I was glad to hear Sen. John Kerry quote Abraham Lincoln as he accepted the Democratic nomination, but he did not read Lincoln far enough. Lincoln famously said, "I don't believe in a law to prevent a man from getting rich; it would do more harm than good." He continued, "When one starts poor, as most do in the race of life, free society is such that he knows he can better his condition; he knows there is no fixed condition of labor for his whole life." This is what Lincoln called the True American System. The rhetoric reverberating from the halls of the FleetCenter, however, was far less optimistic, far less edifying and certainly not consistent with the dynamic American system envisioned by Lincoln.
The Kerry-Edwards economic agenda is now clear: They see the American system as a zero-sum game. This view was best expressed by former President Clinton, who said, "I almost sent them (Republicans) a thank you for my tax cut until I realized the rest of you were paying for it." What a contradictory view of America from someone who signed into law a 25 percent cut in the capital gains tax.
Kerry added, "I will roll back the tax cuts for the wealthiest individuals who make over $200,000 a year ...," which would include roughly 70 percent of all small businesses. Promising middle-class tax cuts while raising them for people earning more than $200,000 is not only class warfare at its worst, it's contrary to American values. It raises the cost of capital, and it contradicts everything we know about where revenue comes from.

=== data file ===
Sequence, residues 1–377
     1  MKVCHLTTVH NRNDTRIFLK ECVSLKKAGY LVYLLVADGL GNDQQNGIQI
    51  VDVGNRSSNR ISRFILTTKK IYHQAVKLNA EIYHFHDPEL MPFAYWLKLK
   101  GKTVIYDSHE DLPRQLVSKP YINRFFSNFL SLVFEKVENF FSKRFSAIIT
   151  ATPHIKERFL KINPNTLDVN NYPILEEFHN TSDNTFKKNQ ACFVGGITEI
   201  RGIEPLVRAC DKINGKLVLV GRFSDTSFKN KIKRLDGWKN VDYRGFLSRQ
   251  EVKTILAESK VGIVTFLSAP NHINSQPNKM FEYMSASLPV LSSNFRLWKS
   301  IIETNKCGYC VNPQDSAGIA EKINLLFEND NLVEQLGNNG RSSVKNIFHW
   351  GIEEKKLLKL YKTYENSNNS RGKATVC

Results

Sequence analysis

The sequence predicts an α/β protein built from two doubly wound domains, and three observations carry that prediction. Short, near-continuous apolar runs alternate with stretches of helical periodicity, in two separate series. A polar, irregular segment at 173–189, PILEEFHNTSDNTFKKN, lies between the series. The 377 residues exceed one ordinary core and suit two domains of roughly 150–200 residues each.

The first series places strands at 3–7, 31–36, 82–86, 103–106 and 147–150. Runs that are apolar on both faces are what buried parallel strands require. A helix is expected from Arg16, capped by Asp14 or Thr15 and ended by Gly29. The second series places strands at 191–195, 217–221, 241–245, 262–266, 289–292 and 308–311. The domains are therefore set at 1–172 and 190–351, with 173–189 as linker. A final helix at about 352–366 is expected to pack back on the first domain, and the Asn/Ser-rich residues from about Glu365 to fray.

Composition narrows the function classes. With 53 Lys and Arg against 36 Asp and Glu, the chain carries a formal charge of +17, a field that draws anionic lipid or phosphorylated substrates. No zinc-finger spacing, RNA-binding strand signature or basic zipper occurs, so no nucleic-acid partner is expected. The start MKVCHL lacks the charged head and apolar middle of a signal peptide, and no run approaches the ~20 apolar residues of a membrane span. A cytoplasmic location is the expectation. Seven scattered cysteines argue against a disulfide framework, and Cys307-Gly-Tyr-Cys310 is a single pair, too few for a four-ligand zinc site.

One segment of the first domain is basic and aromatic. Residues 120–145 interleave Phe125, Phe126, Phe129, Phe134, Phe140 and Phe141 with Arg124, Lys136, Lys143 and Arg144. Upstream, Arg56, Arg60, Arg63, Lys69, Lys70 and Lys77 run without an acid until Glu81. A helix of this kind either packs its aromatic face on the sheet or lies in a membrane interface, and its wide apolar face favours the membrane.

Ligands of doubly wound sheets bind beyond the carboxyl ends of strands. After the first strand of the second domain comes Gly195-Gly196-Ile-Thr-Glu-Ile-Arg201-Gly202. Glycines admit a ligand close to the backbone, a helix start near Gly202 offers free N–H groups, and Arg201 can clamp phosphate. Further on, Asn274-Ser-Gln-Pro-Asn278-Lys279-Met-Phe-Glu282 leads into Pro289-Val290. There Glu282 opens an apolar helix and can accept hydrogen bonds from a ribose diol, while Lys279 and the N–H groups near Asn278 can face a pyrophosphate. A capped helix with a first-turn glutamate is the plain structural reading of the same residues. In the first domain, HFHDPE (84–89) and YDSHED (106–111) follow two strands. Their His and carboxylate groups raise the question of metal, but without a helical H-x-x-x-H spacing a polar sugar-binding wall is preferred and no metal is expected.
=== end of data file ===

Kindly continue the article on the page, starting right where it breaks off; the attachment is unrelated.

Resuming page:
The top 2 percent of taxpayers pay more than 40 percent of all federal income taxes. The New York Times recognized that "falling incomes, rather than tax cuts, appear to count for the greatest decline in income taxes paid." Not only left-leaning Democrats, but too many Republicans don't understand the difference between tax rates and tax revenue. As John F. Kennedy reminded us in 1962, "It is a paradoxical truth that tax rates are too high and tax revenues too low, and the soundest way to raise revenues in the long run is to cut rates now."
If you want to soak the rich, cut tax rates. As secretary of Housing and Urban Development, I spent a lot of time talking to people who lived in public housing. I never heard one person say they want to make the rich poor; they only want the opportunity to get ahead and get out of poverty. High tax rates don't hurt the rich, who can shelter their income; high tax rates just keep the poor in poverty.
You can't get rich on wages. The only way to get rich is to earn, save and invest.
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